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A 3D Animation Shows the Evolution of New York City (1524 – 2023)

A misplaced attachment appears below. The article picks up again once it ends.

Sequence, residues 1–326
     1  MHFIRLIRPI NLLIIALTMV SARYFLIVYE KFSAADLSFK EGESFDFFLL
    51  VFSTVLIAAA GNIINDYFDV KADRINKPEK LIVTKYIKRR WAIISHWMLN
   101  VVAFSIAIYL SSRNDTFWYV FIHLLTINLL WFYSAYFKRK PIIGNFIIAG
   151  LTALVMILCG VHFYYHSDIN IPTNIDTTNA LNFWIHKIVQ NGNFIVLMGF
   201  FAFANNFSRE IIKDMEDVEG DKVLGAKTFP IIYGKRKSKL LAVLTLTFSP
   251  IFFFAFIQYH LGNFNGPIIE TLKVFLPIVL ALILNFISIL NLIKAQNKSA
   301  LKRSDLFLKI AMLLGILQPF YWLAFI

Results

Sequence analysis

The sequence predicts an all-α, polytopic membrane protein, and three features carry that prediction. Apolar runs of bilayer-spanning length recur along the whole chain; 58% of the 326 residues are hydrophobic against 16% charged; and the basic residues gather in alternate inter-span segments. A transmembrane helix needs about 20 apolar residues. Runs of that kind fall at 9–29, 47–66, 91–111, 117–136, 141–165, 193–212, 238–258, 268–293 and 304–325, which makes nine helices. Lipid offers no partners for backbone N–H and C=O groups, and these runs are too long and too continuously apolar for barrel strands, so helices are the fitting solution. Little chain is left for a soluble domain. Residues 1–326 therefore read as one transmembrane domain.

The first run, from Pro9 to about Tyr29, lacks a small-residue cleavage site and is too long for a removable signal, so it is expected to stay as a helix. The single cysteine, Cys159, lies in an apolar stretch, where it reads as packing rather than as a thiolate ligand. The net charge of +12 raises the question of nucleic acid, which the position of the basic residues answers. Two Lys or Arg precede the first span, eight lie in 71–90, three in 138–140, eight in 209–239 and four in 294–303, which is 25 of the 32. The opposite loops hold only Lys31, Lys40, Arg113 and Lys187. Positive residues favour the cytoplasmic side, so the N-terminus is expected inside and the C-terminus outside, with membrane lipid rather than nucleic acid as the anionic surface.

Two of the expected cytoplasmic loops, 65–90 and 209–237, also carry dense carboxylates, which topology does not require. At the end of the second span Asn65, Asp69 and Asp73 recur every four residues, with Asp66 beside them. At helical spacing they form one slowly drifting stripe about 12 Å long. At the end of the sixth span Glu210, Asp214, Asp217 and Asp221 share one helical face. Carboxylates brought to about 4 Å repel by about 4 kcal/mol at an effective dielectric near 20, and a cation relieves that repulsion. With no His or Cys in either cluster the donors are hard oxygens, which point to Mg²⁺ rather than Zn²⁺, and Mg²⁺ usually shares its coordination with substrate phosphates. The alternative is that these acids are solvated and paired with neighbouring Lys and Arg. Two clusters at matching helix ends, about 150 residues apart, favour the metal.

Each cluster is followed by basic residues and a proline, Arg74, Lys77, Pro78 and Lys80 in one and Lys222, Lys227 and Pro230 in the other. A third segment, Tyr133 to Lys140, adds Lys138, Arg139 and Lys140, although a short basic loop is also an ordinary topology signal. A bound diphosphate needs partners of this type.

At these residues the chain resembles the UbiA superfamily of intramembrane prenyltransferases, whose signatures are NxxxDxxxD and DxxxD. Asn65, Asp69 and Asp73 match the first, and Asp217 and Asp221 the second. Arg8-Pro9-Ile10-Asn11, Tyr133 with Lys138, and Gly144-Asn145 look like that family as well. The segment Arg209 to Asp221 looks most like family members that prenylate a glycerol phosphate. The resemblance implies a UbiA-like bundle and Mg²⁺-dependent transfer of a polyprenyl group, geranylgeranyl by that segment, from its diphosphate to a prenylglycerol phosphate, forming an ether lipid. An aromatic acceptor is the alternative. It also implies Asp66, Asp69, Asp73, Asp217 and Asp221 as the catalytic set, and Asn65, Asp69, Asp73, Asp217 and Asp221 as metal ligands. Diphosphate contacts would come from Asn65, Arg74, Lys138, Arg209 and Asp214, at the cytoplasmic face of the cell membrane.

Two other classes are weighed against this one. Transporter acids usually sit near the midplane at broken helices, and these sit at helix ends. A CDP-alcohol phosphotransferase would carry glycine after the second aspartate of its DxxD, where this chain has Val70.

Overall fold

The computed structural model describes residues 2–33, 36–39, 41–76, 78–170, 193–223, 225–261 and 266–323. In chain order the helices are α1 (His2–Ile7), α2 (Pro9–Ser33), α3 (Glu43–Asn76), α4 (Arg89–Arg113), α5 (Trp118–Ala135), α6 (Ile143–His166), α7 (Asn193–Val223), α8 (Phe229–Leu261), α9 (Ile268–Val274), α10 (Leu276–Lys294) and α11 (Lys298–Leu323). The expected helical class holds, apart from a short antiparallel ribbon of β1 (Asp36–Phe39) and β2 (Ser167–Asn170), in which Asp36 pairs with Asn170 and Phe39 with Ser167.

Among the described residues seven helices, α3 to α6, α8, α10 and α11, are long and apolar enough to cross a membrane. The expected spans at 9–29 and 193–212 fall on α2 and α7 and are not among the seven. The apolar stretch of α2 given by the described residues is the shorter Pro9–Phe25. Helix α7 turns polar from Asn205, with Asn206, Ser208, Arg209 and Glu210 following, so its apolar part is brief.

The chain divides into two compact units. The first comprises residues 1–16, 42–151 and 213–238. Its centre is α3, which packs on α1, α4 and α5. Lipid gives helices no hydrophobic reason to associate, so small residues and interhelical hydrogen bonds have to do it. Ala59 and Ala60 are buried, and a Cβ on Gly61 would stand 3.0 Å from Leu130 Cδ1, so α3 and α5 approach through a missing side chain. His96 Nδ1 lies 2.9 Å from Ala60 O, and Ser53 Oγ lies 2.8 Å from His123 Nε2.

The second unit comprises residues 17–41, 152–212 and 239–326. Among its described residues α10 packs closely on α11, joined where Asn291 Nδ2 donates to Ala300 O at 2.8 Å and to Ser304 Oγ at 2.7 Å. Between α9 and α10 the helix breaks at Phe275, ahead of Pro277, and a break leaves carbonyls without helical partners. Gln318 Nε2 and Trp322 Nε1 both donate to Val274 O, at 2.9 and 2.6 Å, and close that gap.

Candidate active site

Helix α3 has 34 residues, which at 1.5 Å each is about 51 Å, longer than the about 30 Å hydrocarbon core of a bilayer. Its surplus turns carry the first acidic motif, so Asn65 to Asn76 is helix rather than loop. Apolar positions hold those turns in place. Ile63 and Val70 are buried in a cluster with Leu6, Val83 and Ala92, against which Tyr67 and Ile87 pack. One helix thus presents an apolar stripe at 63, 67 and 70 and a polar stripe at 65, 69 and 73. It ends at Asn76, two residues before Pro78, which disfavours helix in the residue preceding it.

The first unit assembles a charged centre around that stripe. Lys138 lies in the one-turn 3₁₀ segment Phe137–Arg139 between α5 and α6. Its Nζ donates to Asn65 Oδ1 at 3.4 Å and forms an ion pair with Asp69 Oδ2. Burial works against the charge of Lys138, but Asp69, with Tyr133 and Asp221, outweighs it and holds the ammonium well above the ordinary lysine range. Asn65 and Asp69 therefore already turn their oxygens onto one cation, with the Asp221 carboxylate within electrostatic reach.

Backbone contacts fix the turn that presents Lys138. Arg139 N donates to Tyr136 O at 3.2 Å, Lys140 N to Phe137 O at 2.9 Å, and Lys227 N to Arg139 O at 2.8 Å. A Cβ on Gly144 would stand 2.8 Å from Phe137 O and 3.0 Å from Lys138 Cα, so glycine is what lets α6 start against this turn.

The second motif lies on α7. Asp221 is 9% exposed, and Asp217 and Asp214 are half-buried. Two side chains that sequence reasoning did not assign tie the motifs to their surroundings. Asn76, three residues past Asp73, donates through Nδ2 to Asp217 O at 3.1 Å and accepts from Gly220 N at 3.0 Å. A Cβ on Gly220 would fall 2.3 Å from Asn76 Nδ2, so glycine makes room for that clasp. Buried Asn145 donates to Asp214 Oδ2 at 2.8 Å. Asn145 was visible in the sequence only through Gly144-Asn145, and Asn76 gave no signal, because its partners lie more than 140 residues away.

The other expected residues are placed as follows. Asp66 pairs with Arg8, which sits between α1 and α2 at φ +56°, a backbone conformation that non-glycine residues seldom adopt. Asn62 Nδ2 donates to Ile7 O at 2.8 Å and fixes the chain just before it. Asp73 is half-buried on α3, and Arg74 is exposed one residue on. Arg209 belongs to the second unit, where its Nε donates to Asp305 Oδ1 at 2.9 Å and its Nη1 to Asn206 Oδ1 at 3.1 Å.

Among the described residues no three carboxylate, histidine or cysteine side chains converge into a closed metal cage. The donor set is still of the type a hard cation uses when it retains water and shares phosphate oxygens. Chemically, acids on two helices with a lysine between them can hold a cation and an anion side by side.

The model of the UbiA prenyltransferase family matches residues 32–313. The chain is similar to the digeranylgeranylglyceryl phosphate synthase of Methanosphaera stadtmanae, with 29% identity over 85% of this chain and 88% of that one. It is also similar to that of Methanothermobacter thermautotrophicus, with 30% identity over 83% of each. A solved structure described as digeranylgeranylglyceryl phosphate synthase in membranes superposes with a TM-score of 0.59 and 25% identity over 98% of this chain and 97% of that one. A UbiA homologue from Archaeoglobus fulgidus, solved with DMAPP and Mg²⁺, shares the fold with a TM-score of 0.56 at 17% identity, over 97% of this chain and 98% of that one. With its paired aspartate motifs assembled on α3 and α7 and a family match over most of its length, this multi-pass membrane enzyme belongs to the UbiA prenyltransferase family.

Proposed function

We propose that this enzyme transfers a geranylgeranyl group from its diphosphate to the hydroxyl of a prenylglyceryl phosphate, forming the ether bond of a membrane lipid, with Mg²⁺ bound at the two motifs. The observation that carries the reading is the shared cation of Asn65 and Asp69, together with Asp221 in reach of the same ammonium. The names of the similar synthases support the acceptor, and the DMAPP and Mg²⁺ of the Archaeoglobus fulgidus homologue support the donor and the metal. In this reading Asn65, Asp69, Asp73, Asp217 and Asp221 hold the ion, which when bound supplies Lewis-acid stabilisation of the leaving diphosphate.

Open Culture: “Nearly two and a half centuries after its founding, the United States of America is still both celebrated and derided as a young country. Examined on the whole, the US may or may not seem less mature than other lands in any obvious way, but the difference manifests much more clearly on the level of cities. For even among those founded before the independence of the country itself, no American city has yet attained 500 official years of age. But in the case of New York City, we can trace its formation through half a millennium of history, as rendered in the 3D animated video from InfoGeek above. The long version of New York’s story begins in 1524, the year Giovanni da Verrazzano commanded the French ship La Dauphine into what we now know as New York Harbor. While he and his crew did not, of course, get the dramatic forest-of-skyscrapers view for which that approach would later be celebrated, they would, perhaps, have seen an actual forest, as well as other elements of a natural landscape that would have appeared sublimely untouched. A century later, the Dutch there founded the trading outpost of New Amsterdam, which commenced the written history of New York — as well as the aggressive development that would eventually come to characterize the city and its culture. New Amsterdam became New York in 1664, one of the many historical events that scroll past in the window at the video’s lower-left corner. At that point in time, the population had grown to about 3,600, a figure counted at the bottom of the frame. Yet even as we see streets roll out, buildings rise, and trees sprout rapidly around us over the next 150 or so years of our stroll, and even after New York becomes America’s largest city in 1790, we must bear in mind that its century hasn’t even begun. It’s something of an irony that the hugely destructive Great Fire of 1835 precedes a developmental push that makes the city, even to our twenty-first-century eyes, look almost modern. Later in the nineteenth century, we witness the appearance of Central Park and the introduction of motorcars; by the turn of the twentieth, New York’s population approaches three and a half million. Walking down Wall Street (and into the Great Depression), we pass just-materializing landmarks that remain iconic today, like the Chrysler Building, the Empire State Building and — after a somewhat dramatic fast-forward in time — Frank Lloyd Wright’s Solomon R. Guggenheim Museum and Minoru Yamasaki’s ill-fated World Trade Center. We’re now well into the New York of living memory, and even when the animation has passed the creative decrepitude of the seventies and eighties and arrives at the city as it was last year (population: 7,888,120), we sense that its evolution has only just begun…”

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